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Crafting a Store Design (Part 2)

Paul Partyka |

It’s an exciting time for any self-service laundry owner when plans are under way for a new store. There’s plenty to do, with one of the major concerns being store design.Some customers believe that all laundries look alike. Owners know better. The store design, to a great extent, reflects the image the owner wants to convey. But store design goes much further than equipment placement. A host of factors determine “the lay of the land” when it comes to your new laundry.Here are just some of the things that need to be considered when designing a new store. The information was submitted by operators, distributors and manufacturers.EQUIPMENT PLACEMENTSince there is no agreed-on “ideal” equipment mix, we can shift the emphasis to equipment placement. The consensus is that you should place your larger equipment near the front door. There are a number of reasons why this should be done:

  • Some believe that it’s critical for customers to be able to see the entire store from the outside (for safety reasons). With this in mind, visibility can be lost with the largest machines in the back.
  • Customers often like to drop their large loads when they enter the store. And since customers often prefer the largest machines, it’s more convenient to have this equipment near the door. (Attendants may have to make sure that people aren’t blocking aisles.)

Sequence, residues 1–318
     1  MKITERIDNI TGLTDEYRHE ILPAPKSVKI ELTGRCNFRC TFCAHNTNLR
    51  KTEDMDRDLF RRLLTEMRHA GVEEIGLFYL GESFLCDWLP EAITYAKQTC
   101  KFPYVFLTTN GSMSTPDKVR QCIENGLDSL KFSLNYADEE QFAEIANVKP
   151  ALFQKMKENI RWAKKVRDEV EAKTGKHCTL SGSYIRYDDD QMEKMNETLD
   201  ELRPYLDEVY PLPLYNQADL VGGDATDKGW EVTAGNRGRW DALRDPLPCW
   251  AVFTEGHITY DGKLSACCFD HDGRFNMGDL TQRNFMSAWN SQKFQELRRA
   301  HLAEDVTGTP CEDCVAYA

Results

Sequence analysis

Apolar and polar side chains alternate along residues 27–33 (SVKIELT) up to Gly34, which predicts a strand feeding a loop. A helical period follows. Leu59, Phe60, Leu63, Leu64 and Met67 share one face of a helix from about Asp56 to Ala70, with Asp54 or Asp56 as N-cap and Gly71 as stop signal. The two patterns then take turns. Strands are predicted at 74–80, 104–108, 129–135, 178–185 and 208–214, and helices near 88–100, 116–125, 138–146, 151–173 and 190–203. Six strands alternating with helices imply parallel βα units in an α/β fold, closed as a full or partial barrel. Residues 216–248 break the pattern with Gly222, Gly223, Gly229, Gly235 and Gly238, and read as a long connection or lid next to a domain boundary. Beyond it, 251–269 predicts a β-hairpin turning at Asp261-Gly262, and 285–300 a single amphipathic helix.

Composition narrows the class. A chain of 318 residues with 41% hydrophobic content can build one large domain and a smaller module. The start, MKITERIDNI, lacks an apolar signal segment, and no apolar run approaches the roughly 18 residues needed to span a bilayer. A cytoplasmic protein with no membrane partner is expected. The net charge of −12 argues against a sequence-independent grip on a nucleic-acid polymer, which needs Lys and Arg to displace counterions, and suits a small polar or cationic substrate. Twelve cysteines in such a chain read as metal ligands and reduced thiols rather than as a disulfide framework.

• Putting the largest front loaders up front, especially if you have plenty of windows to showcase them, is the way to go because you can impress passersby with the equipment.
  • Putting the largest equipment up front also prevents customers from wandering around the store looking for the largest equipment, in addition to seeking out attendants to ask about the availability of the largest equipment.
  • Your largest equipment has the highest vend prices. Do you want to quickly satisfy customers ready to spend $6 or $7 for a washer?

Some favor keeping the larger equipment in back. Their reasons revolve around keeping the larger washers near dryers for customer convenience and not having customers blocking the aisle up front as they use the store’s most popular machines.It’s also important not to get so tied up in the placement concerns that you ignore service considerations. This also relates to aisle space. If you give your customers too much space, it could lead to an inadequate or cramped service area. This is trouble because your equipment will need service or maintenance at some time. Some recommend keeping 2 feet clear behind the washers and dryers. Check with the equipment manufacturer and your distributor to see what makes the most sense for your location.One other warning: If you don’t have adequate service space, you may have trouble keeping a good repairman. And if you persuade the repairman to work in “cramped” conditions, it may end up costing you more than you think.SAFE AND SECUREWhen you design your new store, it’s only natural to think about creating a comfortable store. Some customers equate comfort with feeling secure.While area demographics may indicate that a neighborhood can be profitable, the information might also indicate that it’s a “rough” neighborhood. With this in mind, there are several steps you might want to take.

  • Talk with the managers of nearby fast-food restaurants or convenience stores about security-related issues. How have they dealt with any neighborhood problems?
  • Chat with the local police.